With these tools, you can observe the I/O wait time for a Windows-based system.


Solution architecture

FlashSystem products are a SAN solution with Fibre Channel or InfiniBand connectivity. They have a small, 1U form factor, and can be integrated with IBM SVC to add performance to low latency.


Usage scenarios

IBM FlashSystem solutions benefit the financial industry; FlashSystem storage low latency and improved database performance can improve this usage scenario.

Financial industry

The securities industry is one of the most performance-sensitive sectors of the economy. Electronic exchanges, trading and clearing systems, and algorithmic trading are growing as tick-data response times decline. This has created an environment of fierce competition where the performance of IT infrastructure makes the difference between the firms that capture market share and profits, and those that do not.

Latency matters

System response times (latency) are of critical importance to applications in this environment. In addition to the intense performance requirements of the securities industry, resiliency of IT systems is critical. The need to electronically create legally binding agreements for tremendous monetary sums places unique requirements for redundancy and real-time position management on the business infrastructure. A firm that is not in control of its trades and positions is left without a view of its risk and is at the mercy of counterparties. This can result in dramatic costs from settlement failures, fines for missing regulatory timing requirements, and customer complaints. To avoid this situation, data in securities applications must be fast and must be persistent.

Flash storage has the following characteristics:
  • Lowest possible access times. Flash storage, such as the IBM FlashSystem 720, has access times that start at 0.1 milliseconds for reads (50 times faster than a hard disk of 5 milliseconds) and integrate write buffers for access times as low as 0.025 ms for writes.
  • High bandwidth. The enterprise solid-state storage market includes products such as the IBM FlashSystem 820, which can support over 5 GBps of random data throughput and across 20 TB of two-dimensional RAID-protected capacity.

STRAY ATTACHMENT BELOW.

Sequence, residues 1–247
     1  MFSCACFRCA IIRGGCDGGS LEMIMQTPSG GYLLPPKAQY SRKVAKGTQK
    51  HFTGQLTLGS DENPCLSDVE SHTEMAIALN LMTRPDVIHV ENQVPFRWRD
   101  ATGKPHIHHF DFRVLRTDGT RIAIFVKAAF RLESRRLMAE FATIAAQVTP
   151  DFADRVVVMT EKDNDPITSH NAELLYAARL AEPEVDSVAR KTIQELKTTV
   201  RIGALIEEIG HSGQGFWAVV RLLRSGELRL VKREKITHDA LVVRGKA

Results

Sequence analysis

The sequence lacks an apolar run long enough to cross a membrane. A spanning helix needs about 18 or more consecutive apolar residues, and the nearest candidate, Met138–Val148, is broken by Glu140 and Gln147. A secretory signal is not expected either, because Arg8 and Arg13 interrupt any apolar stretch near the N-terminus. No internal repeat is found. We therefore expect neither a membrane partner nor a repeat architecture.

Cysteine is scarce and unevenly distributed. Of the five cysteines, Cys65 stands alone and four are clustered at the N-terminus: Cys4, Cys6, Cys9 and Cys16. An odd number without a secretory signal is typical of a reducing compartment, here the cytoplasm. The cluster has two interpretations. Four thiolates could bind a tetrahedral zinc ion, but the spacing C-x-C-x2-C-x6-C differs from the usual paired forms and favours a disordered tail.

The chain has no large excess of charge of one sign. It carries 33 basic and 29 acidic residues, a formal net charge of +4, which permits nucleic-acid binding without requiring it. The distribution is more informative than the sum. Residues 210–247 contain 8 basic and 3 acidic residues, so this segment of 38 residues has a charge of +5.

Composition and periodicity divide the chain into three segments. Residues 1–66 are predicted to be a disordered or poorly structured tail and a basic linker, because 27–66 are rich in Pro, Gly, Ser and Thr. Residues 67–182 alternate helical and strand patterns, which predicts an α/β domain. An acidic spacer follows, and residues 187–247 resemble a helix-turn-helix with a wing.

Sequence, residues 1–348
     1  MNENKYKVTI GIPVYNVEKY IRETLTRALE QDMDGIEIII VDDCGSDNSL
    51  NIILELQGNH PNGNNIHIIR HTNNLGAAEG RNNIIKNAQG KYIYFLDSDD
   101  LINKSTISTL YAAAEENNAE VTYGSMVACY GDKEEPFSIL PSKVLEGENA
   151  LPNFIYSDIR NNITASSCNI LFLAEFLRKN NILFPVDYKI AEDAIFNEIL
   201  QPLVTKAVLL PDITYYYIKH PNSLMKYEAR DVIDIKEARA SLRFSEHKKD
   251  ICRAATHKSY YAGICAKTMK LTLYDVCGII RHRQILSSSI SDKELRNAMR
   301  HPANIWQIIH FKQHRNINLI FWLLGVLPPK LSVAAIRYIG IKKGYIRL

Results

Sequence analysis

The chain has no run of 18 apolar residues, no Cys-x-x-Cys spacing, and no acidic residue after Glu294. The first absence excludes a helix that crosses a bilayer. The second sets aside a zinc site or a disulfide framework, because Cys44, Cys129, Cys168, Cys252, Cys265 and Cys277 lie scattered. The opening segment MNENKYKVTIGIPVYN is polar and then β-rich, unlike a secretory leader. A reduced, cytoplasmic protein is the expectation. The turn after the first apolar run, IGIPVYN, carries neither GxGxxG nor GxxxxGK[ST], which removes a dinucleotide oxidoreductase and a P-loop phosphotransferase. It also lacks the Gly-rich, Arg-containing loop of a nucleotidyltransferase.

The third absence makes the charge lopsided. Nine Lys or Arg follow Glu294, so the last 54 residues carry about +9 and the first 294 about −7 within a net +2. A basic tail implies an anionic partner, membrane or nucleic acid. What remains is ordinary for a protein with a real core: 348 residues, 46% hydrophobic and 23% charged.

For more information, see the white paper, Utilizing IBM FlashSystem in the securities industry:
http://public.dhe.ibm.com/common/ssi/ecm/en/tsw03230usen/TSW03230USEN.PDF

Improving database performance

If you determine that your system has I/O subsystem problems, the next step is to identify which components of your SQL Server database are experiencing the highest I/O and in turn causing I/O wait time. Consider moving several components to FlashSystem storage. These components include entire database, transaction logs, temporary database (tempdb), indexes, and frequently accessed tables.

Entire database

Some databases should have all of their files moved to flash storage. These databases tend to have at least one of the following characteristics:
  • High concurrent access. Consider moving all data to solid-state drive for databases that are used by a large number of concurrent users. This ensures that storage is not a bottleneck for the application and maximizes the utilization of servers and networks. I/O wait time will be minimized and servers and bandwidth will be fully utilized.
  • Frequent random accesses to all tables. For some databases, identifying a subset of files that are frequently accessed is not possible. Many times these databases are effectively large indices.